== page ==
Welcome to the Pololu Blog, where we provide updates about what we and our customers are doing and thinking about. This blog used to be Pololu president Jan Malášek’s Engage Your Brain blog; you can view just those posts here.
Five months ago, I wrote that we “just finished a big facility expansion that was taking up a lot of my attention this year, so I have some more time now …” Well, that turned out to be wrong. It’s also been over a year since I started this blog, and so far, I am way behind my target of an article per week. It doesn’t help when I don’t post for four months, but some exciting stuff has happened in that time. Continued…
These projects by Daniel J. Sullivan are intended to introduce novice users to all the components on the 3pi robot and how they can be used while programming with the Arduino IDE. Each project builds on the one before it, and comments within the programs are used to provide background information when new items are introduced.
As I discussed in the introduction to servos, one of the consequences of hobby servos’ intended use is that rotation range is limited to about 180 degrees. In this post, I will talk about two exceptions to this general rule: continuous-rotation servos and multi-turn servos. Each of these products loses some features in return for increased rotational range, so none of them are the ideal actuators many would like them to be. There are some specialty servos developed for robot applications that get around the limitations, but those servos are not as standardized and do not really fit into the hobby servo category, so I am not going into any more detail on those beyond mentioning that they exist. Continued…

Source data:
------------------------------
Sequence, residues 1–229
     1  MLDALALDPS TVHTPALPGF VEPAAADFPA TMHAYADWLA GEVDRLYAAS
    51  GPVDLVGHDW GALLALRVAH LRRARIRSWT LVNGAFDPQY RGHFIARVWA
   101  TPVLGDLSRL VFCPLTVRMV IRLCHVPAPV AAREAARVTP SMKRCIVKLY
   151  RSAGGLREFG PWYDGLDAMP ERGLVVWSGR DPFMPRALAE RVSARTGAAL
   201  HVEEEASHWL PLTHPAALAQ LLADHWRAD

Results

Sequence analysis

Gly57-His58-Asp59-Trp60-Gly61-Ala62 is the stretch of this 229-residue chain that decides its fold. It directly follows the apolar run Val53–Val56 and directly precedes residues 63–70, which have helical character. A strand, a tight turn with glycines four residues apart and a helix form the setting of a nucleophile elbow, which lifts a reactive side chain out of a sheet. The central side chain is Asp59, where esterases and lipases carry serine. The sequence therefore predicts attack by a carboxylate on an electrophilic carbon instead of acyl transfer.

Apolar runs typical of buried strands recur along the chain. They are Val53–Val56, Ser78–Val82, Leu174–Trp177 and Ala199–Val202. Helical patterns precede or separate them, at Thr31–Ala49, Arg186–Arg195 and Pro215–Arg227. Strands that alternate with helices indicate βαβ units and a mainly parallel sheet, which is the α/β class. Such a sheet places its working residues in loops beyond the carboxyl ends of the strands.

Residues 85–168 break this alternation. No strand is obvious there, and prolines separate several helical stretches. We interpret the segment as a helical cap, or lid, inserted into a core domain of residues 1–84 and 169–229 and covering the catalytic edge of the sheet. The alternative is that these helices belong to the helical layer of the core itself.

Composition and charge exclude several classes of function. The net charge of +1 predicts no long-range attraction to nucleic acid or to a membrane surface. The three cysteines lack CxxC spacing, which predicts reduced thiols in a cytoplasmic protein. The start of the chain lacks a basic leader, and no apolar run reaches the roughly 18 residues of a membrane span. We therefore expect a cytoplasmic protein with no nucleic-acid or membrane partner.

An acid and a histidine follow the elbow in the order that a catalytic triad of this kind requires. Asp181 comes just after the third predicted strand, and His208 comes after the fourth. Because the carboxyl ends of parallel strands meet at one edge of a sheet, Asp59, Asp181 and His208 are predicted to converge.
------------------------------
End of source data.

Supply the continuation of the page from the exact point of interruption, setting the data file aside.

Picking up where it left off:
The Wixel Shield for Arduino that we released today represents a personal milestone because of what I did not do on it: the shield is the first electronic product made by Pololu that I did not design. That’s not to say I did not have some input on it or that other engineers here did not have substantial contributions to other products, but the Wixel Shield is a first because the basic product concept, the circuit design, and physical implementation (i.e. the PCB layout) were all done by someone else. We also just finished a big facility expansion that was taking up a lot of my attention this year, so I have some more time now to think about our design process and what it takes to go from a new idea to a finished product. Continued…
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